Is print the new vanity press?
As those of you who have followed my blog posts here know, I have recently finished a new novel, and I’ve been trying to find my way back into the publishing world, trying to navigate all the changes that have taken place in the years I’ve been off writing. Though I am intrigued by self-publishing, the lure of a print contract pulls strongly at my heart. So, when I finally finished this book, I decided I would need to get myself an agent.
Some of you may be wondering what the back story is on this. How did I go from publishing novels with with a big New York publisher to trying to find an agent?
I am one of those midlist authors you hear talk about who did not have “good enough” sales on the four books in my series, in spite of all my efforts at publicity. Though I still get wonderful emails from fans wondering when the next Seychelle book will come out, and most of the reviews of the books were positive, I did not sell enough of any of the four books in the series to be considered a success in the eyes of New York publishing. In many ways, that makes me something of a pariah in this business.
Nearly five years ago, when I turned in the final edit on Wreckers’ Key, I sat down with my editor and said, “I have a suspicion that if I turn in an outline and sample chapter for book five in my series, you all are going to reject it.”
He said, “I’m glad you said that so I don’t have to. You’re probably right, but by recognizing that, you’re ahead of dozens of other authors walking around this conference right now who are in the same situation, but can’t admit it to themselves.”
I told him that though my contract said I could submit a proposal/outline, I wanted to go off and write the whole book and try to wow them with the new reinvented me. My editor agreed that it was a great idea. Then I went to my agent and told her what I planned to do. She said, “Okay, if you’re going to reinvent yourself, you need to stop writing about boats.”
“Say what?” I said.
“You could write about anything. If you’re really going to reinvent yourself, change the subject and ditch the boats.”
I hung up the phone and thought about it. I remembered the famous story Tony Hillerman used to tell about the time when his agent couldn’t sell his first novel and she told him to go rewrite the book and “get rid of all the Indian stuff.”
Now, I’m the first to admit that I’m no Tony Hillerman, but like Hillerman, I have to follow my passion — and my passion is for the sea and boats. So, I sat down and wrote a letter to my agent telling her that it was time for us to part ways.
So, here I am now four long years later with this new book and a desperate desire to get it into the hands of readers. I have to start over from scratch.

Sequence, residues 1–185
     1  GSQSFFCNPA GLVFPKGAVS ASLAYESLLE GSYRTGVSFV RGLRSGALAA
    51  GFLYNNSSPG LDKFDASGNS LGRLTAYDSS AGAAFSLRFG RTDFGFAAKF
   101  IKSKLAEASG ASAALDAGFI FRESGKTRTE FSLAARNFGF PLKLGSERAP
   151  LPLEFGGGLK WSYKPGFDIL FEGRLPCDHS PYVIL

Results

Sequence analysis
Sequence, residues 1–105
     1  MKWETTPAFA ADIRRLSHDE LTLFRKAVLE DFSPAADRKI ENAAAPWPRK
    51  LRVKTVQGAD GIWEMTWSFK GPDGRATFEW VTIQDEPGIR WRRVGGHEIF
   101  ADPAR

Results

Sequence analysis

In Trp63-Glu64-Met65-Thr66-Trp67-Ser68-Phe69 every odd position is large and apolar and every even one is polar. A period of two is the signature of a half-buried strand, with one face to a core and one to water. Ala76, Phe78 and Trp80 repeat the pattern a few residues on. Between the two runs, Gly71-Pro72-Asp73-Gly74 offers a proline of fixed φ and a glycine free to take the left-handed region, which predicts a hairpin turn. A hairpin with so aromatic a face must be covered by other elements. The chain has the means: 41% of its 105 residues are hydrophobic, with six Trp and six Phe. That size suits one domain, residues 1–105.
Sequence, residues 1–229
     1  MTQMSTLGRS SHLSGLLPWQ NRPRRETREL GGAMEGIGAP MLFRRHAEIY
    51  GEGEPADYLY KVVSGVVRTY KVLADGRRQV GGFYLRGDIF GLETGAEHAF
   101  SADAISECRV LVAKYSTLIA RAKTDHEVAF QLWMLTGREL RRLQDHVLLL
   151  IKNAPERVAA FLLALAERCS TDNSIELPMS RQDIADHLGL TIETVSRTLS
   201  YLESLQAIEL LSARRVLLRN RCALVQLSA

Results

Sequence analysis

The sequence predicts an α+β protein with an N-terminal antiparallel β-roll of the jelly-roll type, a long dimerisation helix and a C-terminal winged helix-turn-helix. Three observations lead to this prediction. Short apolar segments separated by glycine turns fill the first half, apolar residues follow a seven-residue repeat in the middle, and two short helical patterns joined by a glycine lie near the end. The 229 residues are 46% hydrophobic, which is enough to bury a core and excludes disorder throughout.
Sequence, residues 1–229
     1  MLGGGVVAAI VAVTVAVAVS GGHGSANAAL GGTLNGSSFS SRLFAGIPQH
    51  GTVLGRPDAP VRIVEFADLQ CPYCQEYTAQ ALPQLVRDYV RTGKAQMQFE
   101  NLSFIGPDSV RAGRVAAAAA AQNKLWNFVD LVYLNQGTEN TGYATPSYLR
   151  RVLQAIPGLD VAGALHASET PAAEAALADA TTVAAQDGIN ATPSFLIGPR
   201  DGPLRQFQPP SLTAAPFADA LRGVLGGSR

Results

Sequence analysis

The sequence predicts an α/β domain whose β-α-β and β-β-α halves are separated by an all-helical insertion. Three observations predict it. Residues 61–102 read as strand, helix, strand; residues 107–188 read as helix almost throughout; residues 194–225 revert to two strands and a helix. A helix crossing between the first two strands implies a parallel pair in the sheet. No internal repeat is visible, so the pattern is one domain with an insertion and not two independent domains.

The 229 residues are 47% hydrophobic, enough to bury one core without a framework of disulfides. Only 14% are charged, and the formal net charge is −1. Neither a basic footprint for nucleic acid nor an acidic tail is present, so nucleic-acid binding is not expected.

When I went to the Writers’ in Paradise conference in January, I tried to talk to the agent there, but she kept dodging me once she knew of my situation. I’d join the group she was chatting with, and she’d announce her glass needed filling. Third time was the charm. Remember that pariah word? All the other unpublished authors at the conference were of far more interest to her because they represented unknown possibilities. My rookie card had already proven itself to be worth no more than the paper it was printed on.
So, the next conference up was Sleuthfest at the end of February, and afterwards, I sent the complete manuscript to three agents (who had asked for it). Two have already rejected the book. I’ve not heard back from the third.
I know these agents are smart and good at what they do, and if they don’t think they can sell the book, I trust their judgement. The market is brutal out there as the sales of print books decline. And I write quirky books, not Patterson-esque best sellers.
So, I find myself alone with no agent, no contract, and only the outstanding clause in my last contract that said my publisher has the option to take the first look at my next book-length work of fiction before I can do anything else with it.
The last week of March it became clear to me that I could wait a very long time for these agents to get back to me, and they could still reject me like a couple of very bright ones already had. And my retirement date is only three weeks off — that date when I am following through on the mantra of this blog, and quitting my job to go sailing and to write full time. The paychecks are about to stop, and I don’t have the luxury of time here.
So, I decided to send the book on to my editor myself without representation by an agent. I’ve been thinking of this as a formality, thinking that surely he is going to reject the book, and then I will be able to get on with the business of finding a cover designer and publishing it myself as an ebook.
When I contacted him, I was very surprised when he sounded eager to read the manuscript, and it suddenly occurred to me, what if he does make an offer? And that was when my ego kicked in and I thought, well, even if it isn’t very much money, wouldn’t it be lovely to be back in print? I mean the ideal world would be one where where I have both a print publisher and I write enough books to self-publish some of them like Tim Hallinan does. How little money would I be willing to settle for to once again see reviews of my books in newspapers, to be able to crack open that first box of books and smell the sweet smell of fresh paper? Sure, I could probably make more money by self-publishing like our own Mike J-, J.A. Konrath, L.J. Sellers, Bob Mayer, and Barry Eisler have shown. But wouldn’t it feel good to be back with the “in crowd” and not a pariah anymore? And that was when the question hit me. For someone like me, has a print deal with a New York publisher has become the new vanity press?
What do you think?